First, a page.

How does Kimberly Walford maintain psychological intensity in a garage gym?

The intensity in a home gym, I think the best way is to equate it to your own personal platform. When you compete you’re by yourself. You don’t see anything; you don’t hear anything but the platform, so I’m just using the home gym as a medium to allow me to do what I need to do. And how I’m able to create the intensity is I remind myself of why I’m down there training. I remind myself for the goals I’ve set for the next meet, the goals I may have set for the next year or Hell! The goals I’ve set for my whole career! Remind myself of the people who support me and the messages you get from people telling you that you inspire them. I put things around me that cause inspiration. Anything that’s going to get me in that zone. And finally I tell myself that if I don’t do it I tell myself that I make it that much easier for someone to come after me and beat me.

“If you’re training correctly, it should enhance your life overall not just physically but mentally” Kimberly Walford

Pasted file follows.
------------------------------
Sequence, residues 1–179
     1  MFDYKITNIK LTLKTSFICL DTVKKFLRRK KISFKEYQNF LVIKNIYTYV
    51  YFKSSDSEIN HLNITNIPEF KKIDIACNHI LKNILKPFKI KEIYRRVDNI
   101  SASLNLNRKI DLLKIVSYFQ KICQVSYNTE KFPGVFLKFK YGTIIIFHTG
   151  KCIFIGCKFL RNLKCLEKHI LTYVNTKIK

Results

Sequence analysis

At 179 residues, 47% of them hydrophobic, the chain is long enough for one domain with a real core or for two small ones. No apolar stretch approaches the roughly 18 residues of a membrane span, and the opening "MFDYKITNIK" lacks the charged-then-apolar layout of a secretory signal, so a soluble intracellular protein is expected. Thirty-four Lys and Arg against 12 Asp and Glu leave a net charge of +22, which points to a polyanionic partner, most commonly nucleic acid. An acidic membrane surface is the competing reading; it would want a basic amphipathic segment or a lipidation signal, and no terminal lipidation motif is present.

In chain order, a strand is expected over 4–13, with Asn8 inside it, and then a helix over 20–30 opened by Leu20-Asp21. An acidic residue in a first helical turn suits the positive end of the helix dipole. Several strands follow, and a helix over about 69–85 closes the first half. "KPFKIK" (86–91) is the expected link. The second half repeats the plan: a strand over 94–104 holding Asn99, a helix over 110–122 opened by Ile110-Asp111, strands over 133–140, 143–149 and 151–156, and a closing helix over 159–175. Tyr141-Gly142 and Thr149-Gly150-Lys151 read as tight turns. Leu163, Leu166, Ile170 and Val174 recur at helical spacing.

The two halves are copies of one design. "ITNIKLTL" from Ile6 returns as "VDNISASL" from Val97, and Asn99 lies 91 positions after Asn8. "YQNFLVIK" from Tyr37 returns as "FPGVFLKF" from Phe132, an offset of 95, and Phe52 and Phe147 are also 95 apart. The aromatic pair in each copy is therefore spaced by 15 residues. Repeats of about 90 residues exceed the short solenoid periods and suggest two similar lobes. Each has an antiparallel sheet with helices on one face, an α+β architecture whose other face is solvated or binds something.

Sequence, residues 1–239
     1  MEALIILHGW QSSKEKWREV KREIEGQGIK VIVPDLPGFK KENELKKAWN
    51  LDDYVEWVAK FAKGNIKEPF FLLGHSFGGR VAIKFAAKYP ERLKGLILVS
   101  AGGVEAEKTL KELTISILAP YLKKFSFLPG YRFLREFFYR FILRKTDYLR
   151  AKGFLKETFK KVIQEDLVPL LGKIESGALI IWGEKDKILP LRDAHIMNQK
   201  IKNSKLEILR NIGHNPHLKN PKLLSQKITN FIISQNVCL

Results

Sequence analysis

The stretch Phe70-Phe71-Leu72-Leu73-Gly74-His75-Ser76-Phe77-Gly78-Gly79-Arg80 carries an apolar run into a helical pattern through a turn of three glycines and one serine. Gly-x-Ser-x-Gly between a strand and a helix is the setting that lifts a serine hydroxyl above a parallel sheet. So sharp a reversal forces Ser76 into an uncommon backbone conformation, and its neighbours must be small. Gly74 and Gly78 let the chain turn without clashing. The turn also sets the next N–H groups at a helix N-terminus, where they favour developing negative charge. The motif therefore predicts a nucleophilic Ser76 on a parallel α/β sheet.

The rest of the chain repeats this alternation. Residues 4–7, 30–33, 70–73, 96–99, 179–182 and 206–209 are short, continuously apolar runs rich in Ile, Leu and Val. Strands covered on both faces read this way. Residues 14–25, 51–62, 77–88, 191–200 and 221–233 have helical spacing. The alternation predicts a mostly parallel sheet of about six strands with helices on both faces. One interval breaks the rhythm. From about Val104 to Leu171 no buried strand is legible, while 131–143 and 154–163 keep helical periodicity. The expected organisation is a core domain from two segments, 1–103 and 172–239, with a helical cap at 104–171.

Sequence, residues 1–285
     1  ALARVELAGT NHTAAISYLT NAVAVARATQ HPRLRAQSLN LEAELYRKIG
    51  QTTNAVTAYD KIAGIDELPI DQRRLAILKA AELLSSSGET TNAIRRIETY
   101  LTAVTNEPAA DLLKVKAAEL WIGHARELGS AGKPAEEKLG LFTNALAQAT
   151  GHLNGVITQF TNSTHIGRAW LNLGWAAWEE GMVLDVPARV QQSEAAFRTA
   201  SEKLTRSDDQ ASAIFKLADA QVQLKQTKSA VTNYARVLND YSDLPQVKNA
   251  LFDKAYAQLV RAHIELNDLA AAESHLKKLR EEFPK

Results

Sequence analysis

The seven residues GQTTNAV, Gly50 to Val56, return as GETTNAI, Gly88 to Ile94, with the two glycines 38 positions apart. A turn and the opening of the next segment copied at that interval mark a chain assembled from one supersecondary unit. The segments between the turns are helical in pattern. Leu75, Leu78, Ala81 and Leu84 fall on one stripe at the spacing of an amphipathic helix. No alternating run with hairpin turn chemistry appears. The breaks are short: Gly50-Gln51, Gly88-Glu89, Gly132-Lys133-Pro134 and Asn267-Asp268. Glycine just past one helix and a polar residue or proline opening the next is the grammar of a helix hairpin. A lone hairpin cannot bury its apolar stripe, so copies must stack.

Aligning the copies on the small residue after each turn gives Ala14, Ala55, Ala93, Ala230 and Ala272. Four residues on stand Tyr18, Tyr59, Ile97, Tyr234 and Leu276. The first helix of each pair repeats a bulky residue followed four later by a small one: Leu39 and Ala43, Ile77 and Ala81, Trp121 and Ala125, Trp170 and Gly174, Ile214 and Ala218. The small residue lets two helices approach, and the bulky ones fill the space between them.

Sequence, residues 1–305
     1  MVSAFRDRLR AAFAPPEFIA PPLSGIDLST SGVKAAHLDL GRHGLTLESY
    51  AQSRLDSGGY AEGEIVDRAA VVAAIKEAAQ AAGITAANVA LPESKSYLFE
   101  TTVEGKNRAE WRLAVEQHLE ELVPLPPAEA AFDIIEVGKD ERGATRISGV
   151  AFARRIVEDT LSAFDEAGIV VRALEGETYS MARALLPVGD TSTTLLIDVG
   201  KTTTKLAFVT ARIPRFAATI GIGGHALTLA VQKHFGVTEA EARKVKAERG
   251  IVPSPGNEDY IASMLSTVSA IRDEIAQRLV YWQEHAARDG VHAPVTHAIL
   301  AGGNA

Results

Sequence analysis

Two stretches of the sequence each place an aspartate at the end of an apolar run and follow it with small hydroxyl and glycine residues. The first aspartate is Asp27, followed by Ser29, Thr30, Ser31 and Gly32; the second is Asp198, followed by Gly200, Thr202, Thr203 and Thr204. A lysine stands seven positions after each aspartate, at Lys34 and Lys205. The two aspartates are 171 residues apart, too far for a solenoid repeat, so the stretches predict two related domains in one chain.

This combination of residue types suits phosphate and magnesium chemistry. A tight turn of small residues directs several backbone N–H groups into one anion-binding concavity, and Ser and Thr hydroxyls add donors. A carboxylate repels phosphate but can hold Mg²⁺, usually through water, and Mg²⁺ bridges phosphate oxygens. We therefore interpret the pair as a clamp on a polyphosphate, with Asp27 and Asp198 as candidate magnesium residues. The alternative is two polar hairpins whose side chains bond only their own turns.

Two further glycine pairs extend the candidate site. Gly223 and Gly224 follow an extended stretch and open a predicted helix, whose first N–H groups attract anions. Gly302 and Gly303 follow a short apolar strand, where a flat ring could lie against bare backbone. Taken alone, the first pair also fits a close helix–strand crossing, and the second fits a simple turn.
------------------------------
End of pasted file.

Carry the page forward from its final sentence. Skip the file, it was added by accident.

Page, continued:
You spoke on My Strength book about creating psychological intensity. How do you avoid emotional burnout after 15 years of psyching up to train and compete?

Just knowing that each cycle has a purpose and you have to set yourself up to do a certain amount of things, and do what’s necessary to get those goals accomplished. But the funny thing that happens is that what happens at the end of a cycle is we normally compete. So from competition you always come away with lessons. Whether positive or negative or both. And I usually feel, not only for me because I hear it from others; you feel inspired with new goals! Because you’re like well I may have Let’s say you accomplished all of your goals for that meet, but you know, wait a minute there’s something else I wanted to do. So that means you have to train for another cycle and start all over again. And I think what it is to avoid burnout you have to keep your goals realistic, do what’s necessary to accomplish them, keep the right people around you so when you have those crappy days you have people to help put you back in the right space mentally. Keeping the negative people away from you because everyone seems to have an opinion about how you should do things. But it’s funny because some of those same people don’t have the experience or know you enough to be able to tell you what you need to hear. It’s those things that help me avoid burnout. Plus I tell myself that as long as God, my mind, my body and my family allow I’m going to keep pushing so I don’t have a reason to stop unless one of those things is compromised in the wake of me going after these goals.